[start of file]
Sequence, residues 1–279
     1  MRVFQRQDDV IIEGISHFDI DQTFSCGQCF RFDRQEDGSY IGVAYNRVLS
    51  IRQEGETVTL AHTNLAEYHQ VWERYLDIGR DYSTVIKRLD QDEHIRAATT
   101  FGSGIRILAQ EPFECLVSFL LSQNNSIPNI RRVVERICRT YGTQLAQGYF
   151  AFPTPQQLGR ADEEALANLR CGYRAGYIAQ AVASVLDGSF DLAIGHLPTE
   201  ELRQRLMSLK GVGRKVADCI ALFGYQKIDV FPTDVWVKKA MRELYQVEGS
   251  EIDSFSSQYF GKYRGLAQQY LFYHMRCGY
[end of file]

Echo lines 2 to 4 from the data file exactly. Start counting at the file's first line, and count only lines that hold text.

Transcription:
     1  MRVFQRQDDV IIEGISHFDI DQTFSCGQCF RFDRQEDGSY IGVAYNRVLS
    51  IRQEGETVTL AHTNLAEYHQ VWERYLDIGR DYSTVIKRLD QDEHIRAATT
   101  FGSGIRILAQ EPFECLVSFL LSQNNSIPNI RRVVERICRT YGTQLAQGYF